Saturday, February 17, 2007

"sweet mud" wins european film prize

"Sweet Mud," an Israeli movie about the disintegration of a kibbutz woman in the mid-1970s, has been awarded the Crystal Bear prize at the Berlin International Film Festival. The prize is awarded to the best film as selected by a panel of seven young people, presumably because of its emphasis on the psychodrama involving the reaction of the woman's teenage son (Dvir) to his mother (Miri's) collapse in the later stages of the film. The same movie won another award for World Cinema at the Sundance Festival a little while ago.

"Sweet Mud" is a more or less deliberate mistranslation of "Adama Meshuga'at," or crazy earth, which gives a much better idea of what the film is about. On the surface yet another film about the alleged emptiness and conformity of kibbutz life--the story opens with a kibbutz veteran performing an indecent act with a cow--"Sweet Mud" draws its power from the ambiguity of the woman and her son's situation and the sense that, perhaps, her insanity is the only sane response to a world that will not allow her to pursue love and decency in a normal, adult way. In this context the film's Hebrew title--crazy earth, not crazy woman--is revealing: is there really anything wrong with Miri, or has life in this desolate outpost made her so? That Dvir ultimately takes her advice--"ha kibbutz hazeh hu mavet," this kibbutz is death, you must leave it as soon as you can--only adds to the mystery.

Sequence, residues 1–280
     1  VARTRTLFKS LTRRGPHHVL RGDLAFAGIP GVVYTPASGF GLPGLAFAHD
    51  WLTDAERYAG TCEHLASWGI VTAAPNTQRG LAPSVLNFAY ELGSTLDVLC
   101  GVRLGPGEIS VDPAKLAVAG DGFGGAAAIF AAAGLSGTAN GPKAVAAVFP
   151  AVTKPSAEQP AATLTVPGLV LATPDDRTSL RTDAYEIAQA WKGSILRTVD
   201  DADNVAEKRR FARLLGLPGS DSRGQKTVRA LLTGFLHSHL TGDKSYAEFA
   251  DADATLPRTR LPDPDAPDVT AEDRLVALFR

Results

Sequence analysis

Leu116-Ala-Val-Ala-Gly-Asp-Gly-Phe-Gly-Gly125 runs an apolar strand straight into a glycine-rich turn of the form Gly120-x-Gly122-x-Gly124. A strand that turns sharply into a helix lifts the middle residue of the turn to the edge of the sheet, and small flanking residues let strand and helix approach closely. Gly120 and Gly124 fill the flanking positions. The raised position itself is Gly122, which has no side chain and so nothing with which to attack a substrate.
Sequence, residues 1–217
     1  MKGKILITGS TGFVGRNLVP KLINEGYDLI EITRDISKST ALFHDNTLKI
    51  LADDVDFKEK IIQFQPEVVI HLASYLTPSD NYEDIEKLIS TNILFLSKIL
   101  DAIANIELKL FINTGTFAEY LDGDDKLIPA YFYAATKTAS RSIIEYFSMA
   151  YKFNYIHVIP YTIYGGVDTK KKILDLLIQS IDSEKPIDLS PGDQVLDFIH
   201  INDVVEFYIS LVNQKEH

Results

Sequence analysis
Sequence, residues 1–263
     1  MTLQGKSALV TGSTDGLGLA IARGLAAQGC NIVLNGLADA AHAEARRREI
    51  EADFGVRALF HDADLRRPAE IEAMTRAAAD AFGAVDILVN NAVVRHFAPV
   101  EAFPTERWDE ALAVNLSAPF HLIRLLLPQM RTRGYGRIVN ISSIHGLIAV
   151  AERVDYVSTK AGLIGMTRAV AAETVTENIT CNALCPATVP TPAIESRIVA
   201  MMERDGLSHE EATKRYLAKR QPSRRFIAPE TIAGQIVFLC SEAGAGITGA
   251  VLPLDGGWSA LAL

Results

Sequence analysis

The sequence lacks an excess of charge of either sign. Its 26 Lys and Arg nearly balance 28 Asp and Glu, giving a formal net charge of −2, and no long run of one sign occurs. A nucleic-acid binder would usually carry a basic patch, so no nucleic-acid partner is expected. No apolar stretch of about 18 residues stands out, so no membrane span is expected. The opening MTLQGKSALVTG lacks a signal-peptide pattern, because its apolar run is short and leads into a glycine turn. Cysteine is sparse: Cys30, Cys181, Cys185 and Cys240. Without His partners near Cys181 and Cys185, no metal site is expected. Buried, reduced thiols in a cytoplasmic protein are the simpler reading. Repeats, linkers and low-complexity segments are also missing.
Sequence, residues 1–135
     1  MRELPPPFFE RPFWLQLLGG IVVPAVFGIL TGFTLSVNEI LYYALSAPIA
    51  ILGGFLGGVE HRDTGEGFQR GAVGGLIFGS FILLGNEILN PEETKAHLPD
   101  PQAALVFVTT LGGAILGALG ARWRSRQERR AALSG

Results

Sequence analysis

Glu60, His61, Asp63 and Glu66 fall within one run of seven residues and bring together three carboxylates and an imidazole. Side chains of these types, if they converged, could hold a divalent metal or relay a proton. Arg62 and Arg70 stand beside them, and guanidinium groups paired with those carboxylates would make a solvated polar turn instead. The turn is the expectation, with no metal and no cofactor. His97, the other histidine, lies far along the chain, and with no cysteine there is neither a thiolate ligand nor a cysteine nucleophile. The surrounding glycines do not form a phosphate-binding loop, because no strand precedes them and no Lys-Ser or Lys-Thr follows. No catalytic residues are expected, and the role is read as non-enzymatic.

I saw Sweet Mud, sorry, Adama Meshuga'at in Tel Aviv one week after Borat, which has, well, a someone different appeal. The highlight here was noticing that everyone was laughing at things that appeared to be spoken in Kazakh when there were no Hebrew subtitles on the screen. The obvious answer--that Sasha Baron Cohen actually speaks in a sort of accented Hebrew when pretending to speak his native language--came to me only in mid-film, at which point I began laughing so continuously that I honestly don't remember the second half of the movie. One critic noticed that Cohen makes several grammatical mistakes, saying that he will marry to instead of with Pamela Anderson, whom he tries to place in a large sack as part of a supposed Kazakh wedding tradition. I don't think that's what the people were laughing at.


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